Polygraph testing, also known as lie detector testing, has been used for many years in criminal investigations to help quickly eliminate suspects and focus resources on other leads. The technology measures physiological responses such as heart rate, blood pressure, and respiratory rate to assess whether a person is telling the truth or lying. Although it is widely used in the United States, it has been a controversial subject in other countries.

In Ireland, many people believe that polygraph evidence cannot be used in court, but this is not true. While the Garda (the national police service of the Republic of Ireland) does not use polygraph evidence in court, a defendant can present it as evidence in their defense. Ultimately, it is up to the judge to decide whether to admit the evidence and how much weight to give it.

While some critics have claimed that the polygraph is not accurate enough to be used in court, research has shown that it compares favorably to other types of evidence routinely used in court. For example, a study conducted in 1978 by Widaki and Horvath found that polygraph evidence was more accurate than handwriting evidence and significantly more accurate than fingerprint and eyewitness evidence.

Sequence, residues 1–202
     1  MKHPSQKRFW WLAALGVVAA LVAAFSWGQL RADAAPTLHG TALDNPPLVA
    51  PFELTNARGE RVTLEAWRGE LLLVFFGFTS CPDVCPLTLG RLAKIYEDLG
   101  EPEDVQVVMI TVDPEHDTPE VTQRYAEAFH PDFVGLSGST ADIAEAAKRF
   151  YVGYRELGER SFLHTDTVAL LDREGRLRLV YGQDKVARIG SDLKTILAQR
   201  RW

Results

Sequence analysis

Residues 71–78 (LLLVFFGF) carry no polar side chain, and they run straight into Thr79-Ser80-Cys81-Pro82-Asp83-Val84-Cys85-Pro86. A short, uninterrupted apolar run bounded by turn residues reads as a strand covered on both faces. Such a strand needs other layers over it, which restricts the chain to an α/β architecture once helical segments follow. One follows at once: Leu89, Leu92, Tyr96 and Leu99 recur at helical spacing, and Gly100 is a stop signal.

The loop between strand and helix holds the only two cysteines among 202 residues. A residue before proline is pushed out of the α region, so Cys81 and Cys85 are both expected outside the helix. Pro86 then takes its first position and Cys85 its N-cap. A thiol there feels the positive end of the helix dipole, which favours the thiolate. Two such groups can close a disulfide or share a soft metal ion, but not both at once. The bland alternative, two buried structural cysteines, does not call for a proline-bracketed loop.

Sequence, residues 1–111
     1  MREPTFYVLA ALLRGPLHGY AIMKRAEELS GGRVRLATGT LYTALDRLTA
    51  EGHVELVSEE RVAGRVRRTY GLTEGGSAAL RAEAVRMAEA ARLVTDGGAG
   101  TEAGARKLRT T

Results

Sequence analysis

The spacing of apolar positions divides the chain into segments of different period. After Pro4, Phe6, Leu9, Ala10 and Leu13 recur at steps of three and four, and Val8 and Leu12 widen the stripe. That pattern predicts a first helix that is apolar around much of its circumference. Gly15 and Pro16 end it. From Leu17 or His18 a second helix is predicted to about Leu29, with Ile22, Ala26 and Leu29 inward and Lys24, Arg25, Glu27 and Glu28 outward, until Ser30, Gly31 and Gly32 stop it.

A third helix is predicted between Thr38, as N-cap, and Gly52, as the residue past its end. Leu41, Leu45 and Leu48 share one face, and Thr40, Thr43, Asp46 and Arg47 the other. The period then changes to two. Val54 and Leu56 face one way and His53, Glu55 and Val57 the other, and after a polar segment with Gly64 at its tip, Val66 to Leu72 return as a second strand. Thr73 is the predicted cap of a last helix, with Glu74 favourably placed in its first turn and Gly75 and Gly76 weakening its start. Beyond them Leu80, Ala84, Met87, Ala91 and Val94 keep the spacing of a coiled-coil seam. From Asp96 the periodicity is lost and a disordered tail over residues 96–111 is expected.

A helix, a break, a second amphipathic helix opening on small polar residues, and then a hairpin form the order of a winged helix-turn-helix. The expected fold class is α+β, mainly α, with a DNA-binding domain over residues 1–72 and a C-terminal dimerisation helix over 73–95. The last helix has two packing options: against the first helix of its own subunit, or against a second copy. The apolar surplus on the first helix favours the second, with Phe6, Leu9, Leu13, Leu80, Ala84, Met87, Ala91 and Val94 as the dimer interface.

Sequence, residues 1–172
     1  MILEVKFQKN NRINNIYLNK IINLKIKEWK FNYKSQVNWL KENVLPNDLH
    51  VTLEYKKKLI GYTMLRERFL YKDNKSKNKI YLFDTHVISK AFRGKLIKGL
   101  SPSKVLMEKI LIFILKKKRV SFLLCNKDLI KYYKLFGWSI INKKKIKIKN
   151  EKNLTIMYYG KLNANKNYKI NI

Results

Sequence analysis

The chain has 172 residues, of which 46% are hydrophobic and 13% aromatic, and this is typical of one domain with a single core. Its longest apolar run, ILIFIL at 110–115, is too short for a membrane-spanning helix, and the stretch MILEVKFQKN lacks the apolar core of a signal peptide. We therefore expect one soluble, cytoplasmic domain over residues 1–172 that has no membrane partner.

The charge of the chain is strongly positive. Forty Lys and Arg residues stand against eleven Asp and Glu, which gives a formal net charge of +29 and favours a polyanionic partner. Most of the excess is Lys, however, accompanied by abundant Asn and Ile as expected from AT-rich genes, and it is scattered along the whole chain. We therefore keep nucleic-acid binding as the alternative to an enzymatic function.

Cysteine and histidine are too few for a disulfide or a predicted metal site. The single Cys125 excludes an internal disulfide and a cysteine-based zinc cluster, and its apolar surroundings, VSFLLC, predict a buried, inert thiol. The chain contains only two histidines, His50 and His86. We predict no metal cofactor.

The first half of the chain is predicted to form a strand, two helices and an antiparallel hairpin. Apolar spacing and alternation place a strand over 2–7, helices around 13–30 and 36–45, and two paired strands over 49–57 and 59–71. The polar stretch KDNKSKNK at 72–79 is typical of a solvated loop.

When presenting polygraph evidence in court, it is essential to understand that it may not be the only evidence presented. Polygraph evidence is more compelling when it supports other evidence in a case. Additionally, polygraph evidence can be useful in cases where there is no collaborative evidence, and it is just one person’s word against another’s.

In conclusion, polygraph testing can be a valuable tool in criminal investigations and can be presented as evidence in court. Although it is not the only evidence presented in a case, it can support other evidence and help to exonerate innocent individuals.

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